After the genocide, Bagosora fled into exile in Cameroon. He was arrested there in 1996 and flown to face trial in Arusha, Tanzania in 1997. His trial began in 2002 and lasted until 2007.

Bagosora was found guilty in connection with the killing of 10 Belgian peacekeepers and responsible for the deaths of the Rwandan prime minister and head of the constitutional court. He was also found responsible for organized killings of Tutsi at numerous sites in Rwanda’s capital, Kigali, and in Gisenyi in the west of the country.

The appeal court in 2011 found that while there was no evidence he ordered the massacres, Bagasora knew they were planned and did nothing to stop them, even though he was in a position to do so.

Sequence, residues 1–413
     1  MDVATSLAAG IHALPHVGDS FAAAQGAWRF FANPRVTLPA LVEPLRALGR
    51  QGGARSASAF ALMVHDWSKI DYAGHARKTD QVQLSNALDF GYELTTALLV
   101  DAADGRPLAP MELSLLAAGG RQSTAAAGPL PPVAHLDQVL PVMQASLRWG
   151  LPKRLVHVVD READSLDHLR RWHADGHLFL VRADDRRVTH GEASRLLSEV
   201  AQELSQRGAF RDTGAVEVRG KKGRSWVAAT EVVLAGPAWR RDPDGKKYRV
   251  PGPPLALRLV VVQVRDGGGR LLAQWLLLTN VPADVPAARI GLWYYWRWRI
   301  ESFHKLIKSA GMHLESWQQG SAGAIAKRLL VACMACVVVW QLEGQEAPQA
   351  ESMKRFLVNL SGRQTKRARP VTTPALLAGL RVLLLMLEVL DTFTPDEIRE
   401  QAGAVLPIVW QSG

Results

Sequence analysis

Reacting to the news of Bagosora’s death, Rwanda’s ambassador to the Netherlands, Olivier Nduhungirehe, said Bagosora didn’t show remorse for his crimes.

‘The main reasons against Bagosora’s request for early release were that he never accepted responsibility for genocide, showing no sign of remorse or regret; and that he is a man with a forceful personality who at times is unable to control himself,’ Nduhungirehe said in a Twitter post. 

Bagosora was serving his sentence in Koulikoro prison in Mali, but had been transferred to a clinic in the capital Bamako, an official in the Malian prison administration said. 

An official at the institution where he was admitted said he died of ‘heart failure’, without giving further details.

Bagosora had in April been refused an application for early release because of the ‘extremely high gravity (of his) crimes’, with the judge ruling that he had failed to demonstrate rehabilitation.